Dr. Sarah Treanor Bois
Director of Research & Education at the Linda Loring Nature Foundation
This May, as the seasonal stores and restaurants open up again, people will start to migrate back to our little island bringing a new energy from afar. The same holds true for many of our feathered friends. May can bring a slew of visiting migrants stopping by Nantucket for a bit of food and rest before heading farther north. Other birds are coming back for the breeding season getting ready to find a mate and build a nest.
In order to attract such birds, people are filling a variety of feeders with sunflower seeds, suet, even orange slices. Hummingbird feeders are also being prepped with great hope. However, there are other ways to attract our avian visitors, like creating a wildlife habitat in your own yard.
First, why would you want your yard to be a wildlife habitat? Birds add color, melodious tunes, and many eat insects (including mosquitos and other pests). Some birds, like hummingbirds, are also pollinators and so provide a benefit to your landscape. Many people put up bird feeders of all sizes and varieties. However, those require daily maintenance and filling, never mind the added cost of seeds on Nantucket! In creating a wildlife habitat, we start thinking of our plants and landscape as the food supply for the birds. If done correctly, there may be no need to fill the feeders.
Whether you have a small slice of outdoor space or acreage to spare, anyone can create a wildlife habitat. How can you attract more birds to your yard, naturally? Start with paying attention to water, food, cover, reduce your use of chemicals and, last but not least, take a break from yardwork!
Water is often the main limiting factor for birds in many yards. Even on Nantucket, a small amount of fresh water can make a huge difference to bird activity in a yard. The late Nantucket ornithologist Edith Andrews used to hang an old plastic milk jug filled with water near her feeders. She poked a pin hole in the bottom (and at the top for air flow) and the water would just drip out slowly into a small collecting dish over the course of a day. This simple water feature was a huge boon for the birds.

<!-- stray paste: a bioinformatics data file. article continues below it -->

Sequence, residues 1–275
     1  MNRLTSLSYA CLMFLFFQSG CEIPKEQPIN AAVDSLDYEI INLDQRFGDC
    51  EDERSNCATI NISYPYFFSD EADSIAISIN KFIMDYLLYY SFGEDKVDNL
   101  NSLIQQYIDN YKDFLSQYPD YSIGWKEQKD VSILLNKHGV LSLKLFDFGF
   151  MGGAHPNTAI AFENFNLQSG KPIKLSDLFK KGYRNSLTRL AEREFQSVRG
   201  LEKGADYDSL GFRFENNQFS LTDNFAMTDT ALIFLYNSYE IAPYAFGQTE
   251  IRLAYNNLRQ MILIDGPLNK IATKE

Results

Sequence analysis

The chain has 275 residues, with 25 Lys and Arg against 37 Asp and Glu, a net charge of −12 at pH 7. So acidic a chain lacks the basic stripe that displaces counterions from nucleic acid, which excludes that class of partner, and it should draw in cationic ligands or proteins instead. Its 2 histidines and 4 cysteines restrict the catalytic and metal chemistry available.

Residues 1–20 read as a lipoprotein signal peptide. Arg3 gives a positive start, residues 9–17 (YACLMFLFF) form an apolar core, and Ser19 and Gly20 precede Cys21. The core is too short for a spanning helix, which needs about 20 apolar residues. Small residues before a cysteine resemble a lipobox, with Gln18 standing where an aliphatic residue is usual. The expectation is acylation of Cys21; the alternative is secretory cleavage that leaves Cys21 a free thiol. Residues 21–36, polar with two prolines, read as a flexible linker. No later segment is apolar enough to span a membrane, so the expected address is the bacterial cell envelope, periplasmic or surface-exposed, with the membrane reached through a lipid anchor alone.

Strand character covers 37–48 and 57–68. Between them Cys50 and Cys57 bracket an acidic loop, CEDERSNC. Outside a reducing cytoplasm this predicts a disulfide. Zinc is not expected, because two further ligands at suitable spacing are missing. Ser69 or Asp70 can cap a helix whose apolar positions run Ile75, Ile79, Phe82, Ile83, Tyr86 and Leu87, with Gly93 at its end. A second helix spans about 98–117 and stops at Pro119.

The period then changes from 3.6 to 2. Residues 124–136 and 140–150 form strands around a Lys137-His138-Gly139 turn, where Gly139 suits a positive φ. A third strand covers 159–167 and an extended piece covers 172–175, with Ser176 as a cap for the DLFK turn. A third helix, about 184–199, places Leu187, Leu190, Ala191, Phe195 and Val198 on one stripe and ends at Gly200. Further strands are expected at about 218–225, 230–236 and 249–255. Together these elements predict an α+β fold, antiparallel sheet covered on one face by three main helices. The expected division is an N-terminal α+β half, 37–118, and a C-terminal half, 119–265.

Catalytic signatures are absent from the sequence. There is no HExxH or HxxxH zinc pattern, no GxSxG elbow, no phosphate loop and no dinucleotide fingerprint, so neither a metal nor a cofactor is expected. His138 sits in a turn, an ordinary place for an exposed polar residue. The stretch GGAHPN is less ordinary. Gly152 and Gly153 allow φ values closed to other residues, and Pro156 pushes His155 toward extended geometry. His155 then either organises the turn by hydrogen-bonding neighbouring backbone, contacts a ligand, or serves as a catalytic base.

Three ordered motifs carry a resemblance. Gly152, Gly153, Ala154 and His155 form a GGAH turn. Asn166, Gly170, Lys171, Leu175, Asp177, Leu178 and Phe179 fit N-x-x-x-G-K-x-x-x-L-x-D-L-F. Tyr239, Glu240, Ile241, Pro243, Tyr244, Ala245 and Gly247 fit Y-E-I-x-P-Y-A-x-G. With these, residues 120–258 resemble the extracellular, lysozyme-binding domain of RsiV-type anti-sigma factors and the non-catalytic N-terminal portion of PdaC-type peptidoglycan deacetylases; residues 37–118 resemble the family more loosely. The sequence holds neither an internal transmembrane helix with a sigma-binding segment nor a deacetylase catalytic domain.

Moving or dripping water also dissuades mosquitos from using the water bath as a nesting area. If you don’t want to get too fancy with drips, a traditional bird bath can be a nice feature. Just remember to clean it regularly! You don’t want your water feature to be a source for an avian disease (or a mosquito nesting ground).
As previously mentioned, you don’t have to put out bird seed to provide food. If you plant with wildlife in mind, select your landscape plants so that there are food plants available throughout the season. The birds will flock to your yard in addition to you having an extended growing season to enjoy. Early flowering plants are not only a welcome visual in the spring for us, they are one of the only sources of nectar and pollen for emerging insects and thus, food for our avian friends. Berry-producing shrubs are a must, but make sure to opt for native or at least non-invasive species like huckleberries, blueberries, arrowwood, cherries, etc. Ask at the local nursery or check out the Landscaping with Native Plants for Nantucket guide put out by the Nantucket Biodiversity Initiative (download at nantucketbiodiversity.org/ipsc).
Native plants support a higher diversity of caterpillars and other insects. These insects are prime food for birds as well. Caterpillars that make it to cocoon or chrysalis stage then emerge as butterflies and moths for your garden delight.
Other plants to consider are pollinator-attracting species like lavender, cardinal flower, and milkweeds. Sunflowers are not only good for pollinators, but the seeds can be a great food source in the fall for migratory birds bulking up for the long journey.
And by avoiding costly bird seed, you also avoid attracting other critters such as squirrels, mice, and rats!
Providing at least two sources of cover allows birds a spot to hide and feel safe. Sometimes we just need to get away from it all, right? Providing cover can sometimes be construed as “messy,” but is important to create a space for wildlife. A brush pile, dense shrub or thicket, meadow planting, cluster of evergreens, or rock pile are all great options for cover.
If we start by thinking of insects as part of the habitat and food for the birds, we start thinking of ways to increase native insect diversity.
Almost all insecticides are non-target, meaning that they kill everything. By spraying for one insect (like a wasp), you can also end up killing honeybees, native bumblebees, butterflies, and a host of other invertebrates. A lack of insects tends not to attract birds and other wildlife. With a sterile yard, there are no pollinators and your garden plants can suffer. When possible, handweed to avoid chemicals. Don’t use insecticides unless very targeted (like a wasp nest) or specific (ant traps, for example).
Finally, don’t clean up the yard…or at least don’t clean part of it. This is a great excuse to be lazy in your yard. Leaving leaf piles, sticks, and some other natural debris leaves refugia for insects and other invertebrates and shelter for some birds such as Carolina wrens. Debris piles also naturally decay, thus, adding to the organic matter of the soil. If your property borders a conservation area these ideas are especially important.
Wondering how to get started?
The Nature Conservancy and the Cornell Lab of Ornithology have lots of resources for how to turn your yard into a wildlife habitat. Formerly the Habitat Network, there are great articles on what to plant to attract certain bird species, how to rip up your lawn for pollinators, and how to encourage beneficial insects—you’ll this all at yardmap.org/learn.
The National Wildlife Federation will even certify your yard as a wildlife habitat if you meet their requirements.